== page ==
The employee is heading to his cubical in region 6. As he approaches the portal from region 4 to the cube farm in region 6, the portal reader senses the employees PET tag. Since the employee is authorized to enter the cube farm, the portal is automatically unlocked. As the employee enters the cube farm, the presence of his PET tag is noted by the region 6 area readers and his location is logged with the host server.
 The employee logs into his computer and checks his email. After checking his email, he leaves region 6, passing through region 4 on his way to the cafeteria region 5. As the employee leaves region 6 and enters region 4, the presence of his PET tag is noted by the region 4 area readers and his location is logged with the host server. The host server using the log of previous region data determines that the employee has left his work area. The host server sends a command to the employee's workstation to log the employee out if he forgot. This ensures that no unauthorized personnel can access the IT infrastructure by using machines inadvertently left logged in.
 As the employee enters the cafeteria, the region 5 area readers note the presence of his PET tag and his location is logged with the host server. While the employee is having coffee and eating breakfast, a phone call comes in for the employee. Because the employee is not at his desk, the call rolls over to the receptionist. The receptionist queries the host server to find out if the employee is inside the facility. The host server indicates the employee is in the cafeteria. The receptionist enters a command to the host server to notify the employee that he has a phone call. The host server relays the command to the region 5 area reader. The region 5 area reader relays the information to the employee's PET tag. The micro-controller in the PET tag causes the speaker to chirp and uses the text display to tell the employee that he has a phone call on extension 202. The employee can then use a phone in the cafeteria to pick up extension 202 and promptly handle the phone call. Of course, the receptionist could be replaced with a voice mail system that informs the caller that the employee is being paged.
 After handling the important phone call, a package is received by the receptionist for the employee. Again, the receptionist uses the host server to inform the employee that he has a package at the front desk.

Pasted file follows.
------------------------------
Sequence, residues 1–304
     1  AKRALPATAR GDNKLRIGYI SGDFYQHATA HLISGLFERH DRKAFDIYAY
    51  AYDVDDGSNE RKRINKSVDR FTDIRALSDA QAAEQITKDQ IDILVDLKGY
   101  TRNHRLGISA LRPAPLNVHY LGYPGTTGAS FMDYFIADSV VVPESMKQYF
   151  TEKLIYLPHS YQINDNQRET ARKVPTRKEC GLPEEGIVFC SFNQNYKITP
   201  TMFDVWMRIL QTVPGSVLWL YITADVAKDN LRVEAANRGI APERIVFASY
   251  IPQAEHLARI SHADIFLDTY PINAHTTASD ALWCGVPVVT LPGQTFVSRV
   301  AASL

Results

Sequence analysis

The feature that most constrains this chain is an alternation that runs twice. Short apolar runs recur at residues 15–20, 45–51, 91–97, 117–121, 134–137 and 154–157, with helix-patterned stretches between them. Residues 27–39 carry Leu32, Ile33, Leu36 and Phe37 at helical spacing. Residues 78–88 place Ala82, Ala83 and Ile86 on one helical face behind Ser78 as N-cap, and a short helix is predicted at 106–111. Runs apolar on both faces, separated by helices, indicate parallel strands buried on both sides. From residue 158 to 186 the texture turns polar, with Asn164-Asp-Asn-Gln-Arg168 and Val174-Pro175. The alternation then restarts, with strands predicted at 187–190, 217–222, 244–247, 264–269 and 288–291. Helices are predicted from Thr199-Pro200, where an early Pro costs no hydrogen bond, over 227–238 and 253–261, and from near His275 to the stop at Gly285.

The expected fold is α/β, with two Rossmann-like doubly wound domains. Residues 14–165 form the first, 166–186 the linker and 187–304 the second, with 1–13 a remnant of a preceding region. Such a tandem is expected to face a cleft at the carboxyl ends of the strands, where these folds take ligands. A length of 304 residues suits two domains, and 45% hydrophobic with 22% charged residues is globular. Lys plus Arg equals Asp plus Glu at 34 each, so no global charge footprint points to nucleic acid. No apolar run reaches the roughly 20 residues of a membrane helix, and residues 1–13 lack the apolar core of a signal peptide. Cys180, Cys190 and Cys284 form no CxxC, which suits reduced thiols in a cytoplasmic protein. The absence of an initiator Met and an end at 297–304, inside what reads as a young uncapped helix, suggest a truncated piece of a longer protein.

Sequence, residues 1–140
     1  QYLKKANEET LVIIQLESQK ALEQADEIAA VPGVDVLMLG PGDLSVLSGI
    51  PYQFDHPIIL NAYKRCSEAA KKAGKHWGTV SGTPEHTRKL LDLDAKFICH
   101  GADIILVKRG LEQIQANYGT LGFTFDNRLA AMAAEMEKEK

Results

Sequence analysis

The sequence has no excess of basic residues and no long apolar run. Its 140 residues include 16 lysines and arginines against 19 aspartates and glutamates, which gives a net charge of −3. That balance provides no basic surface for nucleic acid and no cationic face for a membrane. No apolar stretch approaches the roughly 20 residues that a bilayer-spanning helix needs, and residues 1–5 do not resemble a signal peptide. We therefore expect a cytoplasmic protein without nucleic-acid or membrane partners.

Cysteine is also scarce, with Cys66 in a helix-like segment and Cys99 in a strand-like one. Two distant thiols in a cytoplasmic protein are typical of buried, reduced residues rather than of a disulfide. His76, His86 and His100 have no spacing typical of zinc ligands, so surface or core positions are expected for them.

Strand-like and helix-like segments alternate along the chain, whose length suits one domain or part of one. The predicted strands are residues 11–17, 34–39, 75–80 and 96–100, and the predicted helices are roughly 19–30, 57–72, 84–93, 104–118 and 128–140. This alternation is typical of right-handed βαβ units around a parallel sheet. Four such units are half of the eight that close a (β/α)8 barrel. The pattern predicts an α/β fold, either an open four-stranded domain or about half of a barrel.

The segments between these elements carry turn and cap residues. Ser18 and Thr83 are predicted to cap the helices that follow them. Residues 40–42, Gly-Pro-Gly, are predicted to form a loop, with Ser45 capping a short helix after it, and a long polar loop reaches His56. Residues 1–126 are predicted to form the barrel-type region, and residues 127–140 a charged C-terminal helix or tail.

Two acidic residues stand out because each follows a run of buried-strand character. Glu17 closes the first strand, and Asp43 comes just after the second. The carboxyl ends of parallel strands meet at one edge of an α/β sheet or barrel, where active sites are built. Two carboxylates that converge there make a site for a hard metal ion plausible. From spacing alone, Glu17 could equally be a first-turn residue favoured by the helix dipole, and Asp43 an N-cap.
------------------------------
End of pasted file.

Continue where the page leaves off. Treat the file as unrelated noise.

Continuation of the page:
After finishing his coffee and picking up his package, the employee goes to the inventory room (region 8) to get some important files. As the employee approaches the portal to the inventory room, the presence of his PET tag is sensed by the portal reader. Since the inventory room is considered a high security area, the portal reader relays an authentication request to the PET tag. The employee validates his identity by using the biometric sensor of his PET tag. After authentication is complete, the portal reader automatically unlocks the door, and the employee enters the inventory room. The presence of his PET tag is noted by the area reader inside the inventory room and his location is logged with the host server.
 After leaving the inventory room, the employee stops by the server room to complain that the server is down. As he approaches the server room door, the portal reader senses the presence of his PET tag. Since the employee is not authorized to enter the server room, the portal reader signals the PET tag that entry is prohibited, and the PET tag notifies the user by buzzing the speaker and displays the entry prohibited message on the text display. The employee really wants to know when the server is coming back up, so he knocks on the door. A server room employee hears the knocking, and approaches the portal from the inside. The portal reader senses the PET tag of this authorized server room employee, and unlocks the portal. The server room employee opens the door and lets our employee enter. The server room area reader then senses both employees' PET tags as they move into the server room. Because the one employee is not authorized to be in the server room, the host server signals the area reader to perform the visitor override procedure. The area reader signals each PET tag to perform visitor override. The micro-controller on each PET tag buzzes the speaker and notifies the user that an un-authorized person has entered the area. Each user needs to use the biometric sensor on his PET tag to notify the area controller that he is aware of the un-authorized visitor.